At first, as I read this book, I couldn't help but recall reading an article a few years ago attributing the success of HGTV to how innocuous it is. Having no content that can offend, it is the perfect TV programming, the visual equivalent of background music. The narrator of Television thinks that TV is stupid, yet he contemplates its importance constantly, as if pondering the absence of TV can make up for the background music he has turned off.
The unnamed narrator is an art historian, on sabbatical, attempting to write a book about Titian. The only problem is, he doesn't want to write. On a whim, he vows to not watch television any more. Except when he can't avoid it: looking out the window into other apartments, while waiting for someone in her apartment, at the neighbor's. He gives no reason for his decision and is relieved when those to whom he brags about his TV abstinence do not inquire as to why he went cold-turkey.
Television is not so much about television as it is about the narrator and his ability to put off writing. Throughout the course of the book, all he manages to write is two words. Yet, the narrator claims he is working: if he is swimming, dining, walking and thinking about his book, or preparing to think about his book, he is 'working'. The narrator describes how he postpones any actual writing in a series of humorous events over the course of a summer. Each of these scenarios -- a chance encounter with his benefactor in the park, dinner with a colleague, watering his neighbor's plants, floating casually in the pool -- is, like the book as a whole, without much of a plot. Yet, the recounting of his day-to-day activities creates an effect on the reader similar to one a rabid channel-surfer in control of the remote would have on another viewer: the blurring of story lines, different faces and times, scattered observations in one continuous loop. Sitcom, melodrama, documentary, arts: on TV it all blurs, and little of it is memorable. Like the banality of television programming, it the mundane that occupies the narrator's life. And he is okay with that. Success, the narrator says
"...couldn't be judged quantitatively by the number of pages one might have written, nor, it seemed to me, by the quality and scope of the more basic groundwork one might have laid. No, the best criterion for evaluating the success of a day's work, it seemed to me, was surely the way we have seen the time pass as we worked, the singular capacity the hours have demonstrated to take on the weight of our work, associated with the apparently contradictory impression that the time has flown by at great speed, heavy with the work we've accomplished, laden with that work's meaning, charged with all the experiences we've gone through, and yet, so incomparably light that we never so much as noticed it passing. That's what grace is, it seemed to me, that mix of fullness and lightness, which you can only experience in certain privileged moments of your existence, moments of writing or love." (p. 91)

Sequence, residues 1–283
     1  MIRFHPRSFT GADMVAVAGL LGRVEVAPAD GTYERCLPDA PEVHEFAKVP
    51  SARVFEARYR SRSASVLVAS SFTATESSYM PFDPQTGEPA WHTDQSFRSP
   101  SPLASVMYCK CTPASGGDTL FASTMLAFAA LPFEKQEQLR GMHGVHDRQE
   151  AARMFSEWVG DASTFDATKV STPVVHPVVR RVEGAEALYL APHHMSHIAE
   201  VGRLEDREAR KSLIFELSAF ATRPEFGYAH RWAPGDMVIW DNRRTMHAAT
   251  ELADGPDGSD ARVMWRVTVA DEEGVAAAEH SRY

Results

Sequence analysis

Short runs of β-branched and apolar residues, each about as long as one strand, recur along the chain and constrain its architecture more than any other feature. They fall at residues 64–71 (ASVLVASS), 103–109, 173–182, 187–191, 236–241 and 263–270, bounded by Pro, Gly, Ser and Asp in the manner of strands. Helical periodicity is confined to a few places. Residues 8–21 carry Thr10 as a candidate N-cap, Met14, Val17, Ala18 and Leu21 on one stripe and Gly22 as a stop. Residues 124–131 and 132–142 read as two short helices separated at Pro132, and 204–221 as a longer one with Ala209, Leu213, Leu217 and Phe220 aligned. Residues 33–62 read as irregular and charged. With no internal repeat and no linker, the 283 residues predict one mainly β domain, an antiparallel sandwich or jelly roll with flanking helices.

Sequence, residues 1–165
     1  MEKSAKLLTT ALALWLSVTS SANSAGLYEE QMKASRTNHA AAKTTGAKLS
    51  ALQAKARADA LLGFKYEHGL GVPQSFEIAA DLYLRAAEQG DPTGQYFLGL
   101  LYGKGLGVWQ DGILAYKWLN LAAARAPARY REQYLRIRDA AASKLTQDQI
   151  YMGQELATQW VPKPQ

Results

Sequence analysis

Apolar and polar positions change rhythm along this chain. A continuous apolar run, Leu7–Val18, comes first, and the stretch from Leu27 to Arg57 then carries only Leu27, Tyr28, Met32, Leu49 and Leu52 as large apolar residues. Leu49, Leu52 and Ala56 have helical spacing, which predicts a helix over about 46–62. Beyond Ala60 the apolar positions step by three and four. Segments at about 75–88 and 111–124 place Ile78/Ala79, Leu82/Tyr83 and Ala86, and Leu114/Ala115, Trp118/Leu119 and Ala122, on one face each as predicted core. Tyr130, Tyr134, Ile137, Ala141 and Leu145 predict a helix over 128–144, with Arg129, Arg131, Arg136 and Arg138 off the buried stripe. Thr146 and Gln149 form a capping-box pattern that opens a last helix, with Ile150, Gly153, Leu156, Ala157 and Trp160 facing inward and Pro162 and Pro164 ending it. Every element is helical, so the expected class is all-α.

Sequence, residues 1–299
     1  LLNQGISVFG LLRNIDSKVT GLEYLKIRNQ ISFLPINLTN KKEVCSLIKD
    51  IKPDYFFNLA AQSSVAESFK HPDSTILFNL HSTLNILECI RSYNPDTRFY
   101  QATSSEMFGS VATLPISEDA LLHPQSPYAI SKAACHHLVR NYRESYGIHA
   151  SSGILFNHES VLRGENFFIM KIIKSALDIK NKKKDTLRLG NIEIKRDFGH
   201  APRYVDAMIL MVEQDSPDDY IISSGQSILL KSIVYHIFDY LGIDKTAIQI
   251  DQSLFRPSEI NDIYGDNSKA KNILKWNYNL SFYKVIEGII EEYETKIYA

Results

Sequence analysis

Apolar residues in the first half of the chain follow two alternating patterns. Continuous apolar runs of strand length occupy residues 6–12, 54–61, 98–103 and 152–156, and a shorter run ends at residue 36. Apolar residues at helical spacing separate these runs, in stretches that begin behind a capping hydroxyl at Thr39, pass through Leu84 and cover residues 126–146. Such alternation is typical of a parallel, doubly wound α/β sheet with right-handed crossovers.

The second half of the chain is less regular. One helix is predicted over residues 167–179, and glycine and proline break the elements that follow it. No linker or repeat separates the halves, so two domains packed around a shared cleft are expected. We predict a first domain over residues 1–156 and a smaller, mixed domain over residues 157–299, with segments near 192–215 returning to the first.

The narrator also says:
"Television is formal beyond all reason...it seems to flow along hand in hand with time itself, aping its passage in a crude parody where no moment lasts and everything soon disappears, to the point where you might sometimes wonder where all those images go once they've been broadcast, with no one watching them or remembering them or retaining them, scarcely seen at all, only momentarily skimmed by the viewer's gaze. For where books, for instance, always offer a thousand times more than they are, television offers exactly what it is, its essential immediacy, its ever-evolving, always-in-progress superficiality." (p. 95)
It is the mundaneness of life that skims his existence in an 'always in progress superficiality' that allows his life to speed by with lightness and grace, like the flicker and hum of the TV. The best way to watch television actively, the narrator explains, "is with your eyes closed." (p. 97) And that is how he chooses to live.
There's more to read about Toussaint's Television at The LitBlog Co-op where Television was the Spring Read This! selection. (As usual, I'm a few weeks behind...."Television Week" was a few weeks ago, but you can still read the all of the interesting posts and comments.) Max Magee, of The Millions, wrote here and Anne Fernald of Fernham wrote here about the narrator as a slacker, and whether this makes him a hero or anti-hero. Max argues convincingly for hero. But, like Anne, I can't help but project my workaholic tendencies on the narrator. Yet, I understand him. The thing is, though, I think that if I didn't have that overachiever's work ethic, I would be just like the narrator, drifting aimlessly in the swimming pool, except I might just drift away permanently like those broadcast messages that disappear.
Television, Jean-Philippe Toussaint. 1997. Translation by Jordan Stump, 2004. Dalkey Archive Press. 164 pp.